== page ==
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Chicago Gives Students More Time to Succeed

Author: Peter R. Orszag
September 26, 2012


In his feud with the Chicago Teachers Union, Mayor Rahm Emanuel won a major victory for Chicago's students: increasing the amount of time they spend in the classroom.

Admittedly, the students might not immediately appreciate the gift Emanuel has won for them. But a growing body of evidence suggests that more time at task is crucial to improving educational performance.

For elementary-school students, Chicago's school day will increase from five hours and 45 minutes -- the shortest of any major city in the U.S. -- to seven hours. In addition, the school year will be extended from 170 days to 180 days. All told, the amount of time elementary-school kids spend in school will increase by almost 30 percent. Timothy Knowles, the director of the Urban Education Institute at the University of Chicago, says that no other large U.S. city "has added this much time to the school day and year in one fell swoop -- particularly in such economically tough times."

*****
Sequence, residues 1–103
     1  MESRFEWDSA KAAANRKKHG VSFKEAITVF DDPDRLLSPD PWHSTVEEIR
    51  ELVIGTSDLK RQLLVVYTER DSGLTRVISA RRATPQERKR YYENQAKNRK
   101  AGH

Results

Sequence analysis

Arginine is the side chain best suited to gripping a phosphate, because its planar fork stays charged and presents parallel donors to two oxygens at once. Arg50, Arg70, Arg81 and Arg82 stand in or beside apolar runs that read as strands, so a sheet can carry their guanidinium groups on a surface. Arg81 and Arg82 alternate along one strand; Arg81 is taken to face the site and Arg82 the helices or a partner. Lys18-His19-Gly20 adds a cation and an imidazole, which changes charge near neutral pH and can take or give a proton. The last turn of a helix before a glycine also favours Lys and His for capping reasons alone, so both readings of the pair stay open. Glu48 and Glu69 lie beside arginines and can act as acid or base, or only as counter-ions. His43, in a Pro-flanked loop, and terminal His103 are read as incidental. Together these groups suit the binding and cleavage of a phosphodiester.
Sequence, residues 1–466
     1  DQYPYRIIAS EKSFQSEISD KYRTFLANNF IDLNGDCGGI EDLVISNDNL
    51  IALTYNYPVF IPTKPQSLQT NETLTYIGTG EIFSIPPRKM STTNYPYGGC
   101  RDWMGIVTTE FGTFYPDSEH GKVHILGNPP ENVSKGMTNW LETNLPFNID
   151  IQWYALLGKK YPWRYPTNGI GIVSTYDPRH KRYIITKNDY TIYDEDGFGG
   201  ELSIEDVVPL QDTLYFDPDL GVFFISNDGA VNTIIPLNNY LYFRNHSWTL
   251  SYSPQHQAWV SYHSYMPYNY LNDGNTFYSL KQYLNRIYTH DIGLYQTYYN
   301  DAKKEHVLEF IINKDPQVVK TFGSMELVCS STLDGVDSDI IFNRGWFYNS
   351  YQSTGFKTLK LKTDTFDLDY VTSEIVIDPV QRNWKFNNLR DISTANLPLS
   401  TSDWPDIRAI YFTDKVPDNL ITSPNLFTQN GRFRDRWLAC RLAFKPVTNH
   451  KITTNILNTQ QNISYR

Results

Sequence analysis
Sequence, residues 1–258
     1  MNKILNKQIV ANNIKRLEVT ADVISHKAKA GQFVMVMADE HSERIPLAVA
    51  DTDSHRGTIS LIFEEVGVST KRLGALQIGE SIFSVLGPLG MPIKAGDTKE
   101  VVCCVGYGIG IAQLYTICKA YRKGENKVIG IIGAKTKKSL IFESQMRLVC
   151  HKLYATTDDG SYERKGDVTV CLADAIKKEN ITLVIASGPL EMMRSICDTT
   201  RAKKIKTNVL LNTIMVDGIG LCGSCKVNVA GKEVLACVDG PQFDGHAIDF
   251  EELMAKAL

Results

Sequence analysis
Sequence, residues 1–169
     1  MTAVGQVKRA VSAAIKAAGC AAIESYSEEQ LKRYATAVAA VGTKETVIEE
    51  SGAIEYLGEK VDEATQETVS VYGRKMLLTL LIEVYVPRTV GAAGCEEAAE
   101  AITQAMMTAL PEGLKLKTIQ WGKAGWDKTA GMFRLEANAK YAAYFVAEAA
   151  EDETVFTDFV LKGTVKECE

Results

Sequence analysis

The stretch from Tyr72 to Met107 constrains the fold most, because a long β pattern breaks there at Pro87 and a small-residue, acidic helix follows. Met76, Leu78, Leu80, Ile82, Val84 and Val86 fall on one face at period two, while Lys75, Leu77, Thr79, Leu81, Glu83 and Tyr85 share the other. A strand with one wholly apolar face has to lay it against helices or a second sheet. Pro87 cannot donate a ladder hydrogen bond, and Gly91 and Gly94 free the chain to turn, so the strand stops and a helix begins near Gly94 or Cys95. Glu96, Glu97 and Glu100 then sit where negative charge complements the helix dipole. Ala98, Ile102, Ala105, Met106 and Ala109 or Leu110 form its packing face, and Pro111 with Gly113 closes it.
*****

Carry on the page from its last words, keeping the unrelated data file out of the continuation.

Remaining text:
Research suggests a strong payoff from extra instructional time. A new paper by Victor Lavy of Hebrew University of Jerusalem offers compelling evidence. In September 2004, Israel changed the way it funded elementary schools and directed more resources to schools with a higher percentage of students from disadvantaged backgrounds while reducing funding at other schools. The schools that received more funding used most of it to increase instructional time.

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